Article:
Healthcare

It’s a tax!

It's a tax!

A law that would force most Americans to buy health care will survive in limited form as a tax, the Supreme Court ruled in a jaw-dropping, landmark decision on Thursday that dealt a disappointment to many conservatives, but included several small victories for the free market and individual rights.

In a split 5-4 decision, with Chief Justice John Roberts delivering the majority opinion, the court upheld President Barack Obama’s 2,700-page Patient Protection and Affordable Care Act, including a much-decried provision that would require all Americans to purchase a minimum level of health insurance coverage, a far-reaching move that justices in oral argument compared to being forced to buy healthy broccoli, a cell phone to dial 911, or burial insurance. The court opined that the mandate could not be supported under the Constitution’s commerce clause, but could be seen as part of Congress’s power to tax.

Roberts chides the government in his opinion for attempting to justify coercion of individuals through the Commerce Clause

“People, for reasons of their own, often fail to do things that would be good for them or for society,” he wrote. “Under the Government’s logic, that authorizes Congress to use its commerce power to compel citizens to act as the Government would have them act. That is not the country the Framers of our Constitution envisioned.”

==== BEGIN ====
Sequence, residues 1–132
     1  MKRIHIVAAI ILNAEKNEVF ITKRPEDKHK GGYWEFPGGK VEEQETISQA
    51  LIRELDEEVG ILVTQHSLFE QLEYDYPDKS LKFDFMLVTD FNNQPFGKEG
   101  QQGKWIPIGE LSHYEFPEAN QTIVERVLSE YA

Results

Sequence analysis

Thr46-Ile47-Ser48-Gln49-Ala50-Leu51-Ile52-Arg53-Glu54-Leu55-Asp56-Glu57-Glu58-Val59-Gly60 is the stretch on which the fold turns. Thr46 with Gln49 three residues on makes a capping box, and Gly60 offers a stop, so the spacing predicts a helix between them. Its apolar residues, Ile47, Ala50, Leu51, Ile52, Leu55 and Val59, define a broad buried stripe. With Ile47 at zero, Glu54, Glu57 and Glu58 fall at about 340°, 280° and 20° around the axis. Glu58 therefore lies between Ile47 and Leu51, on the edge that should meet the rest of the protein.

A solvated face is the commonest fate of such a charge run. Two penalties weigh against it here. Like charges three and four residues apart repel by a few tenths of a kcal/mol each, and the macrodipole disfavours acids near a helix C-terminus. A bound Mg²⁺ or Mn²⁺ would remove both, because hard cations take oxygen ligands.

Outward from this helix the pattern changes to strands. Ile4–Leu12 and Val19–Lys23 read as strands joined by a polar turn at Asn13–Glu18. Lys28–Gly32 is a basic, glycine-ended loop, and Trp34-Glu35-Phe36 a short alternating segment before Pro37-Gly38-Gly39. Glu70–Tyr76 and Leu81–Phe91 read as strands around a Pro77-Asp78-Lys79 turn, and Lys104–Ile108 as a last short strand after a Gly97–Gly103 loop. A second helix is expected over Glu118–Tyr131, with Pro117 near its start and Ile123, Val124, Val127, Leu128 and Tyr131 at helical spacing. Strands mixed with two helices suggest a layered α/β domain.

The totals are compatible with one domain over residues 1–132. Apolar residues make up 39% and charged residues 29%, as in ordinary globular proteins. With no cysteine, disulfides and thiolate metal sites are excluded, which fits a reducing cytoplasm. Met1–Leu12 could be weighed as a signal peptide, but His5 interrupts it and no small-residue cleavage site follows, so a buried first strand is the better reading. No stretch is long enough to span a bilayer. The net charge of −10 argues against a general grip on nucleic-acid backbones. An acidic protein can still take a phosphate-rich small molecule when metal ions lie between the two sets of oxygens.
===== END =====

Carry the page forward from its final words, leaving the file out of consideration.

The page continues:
He also dispensed with attempts by the government to regulate the uninsured based on their “prophesied future activity” — whether they will be in the market for health care.

“The Commerce Clause is not a general license to regulate an individual from cradle to grave, simply because he will predictably engage in particular transactions,” he said. “Any police power to regulate individuals as such, as opposed to their activities, remains vested in the states.”

However, Roberts said, the mandate can be seen as a tax, because individuals who choose to forgo insurance have the alternative to pay a fine to the IRS instead.

“Under that theory, the mandate is not a legal command to buy insurance,” Roberts wrote. “Rather, it makes going without insurance just another thing the Government taxes, like buying gasoline or earning income.”

Because the fee is described as a penalty, rather than a tax, in the statute, the Anti-Injunction Act, which would postpone a ruling on taxes until enactment, does not apply, the court said; but it still could be seen as a tax by the court.

The other much-contested part of the healthcare law would expand Medicaid by a staggering 16 million people. The court ruled that this, too would survive under a narrow reading, which gave leeway to the states to decide whether to implement the measure.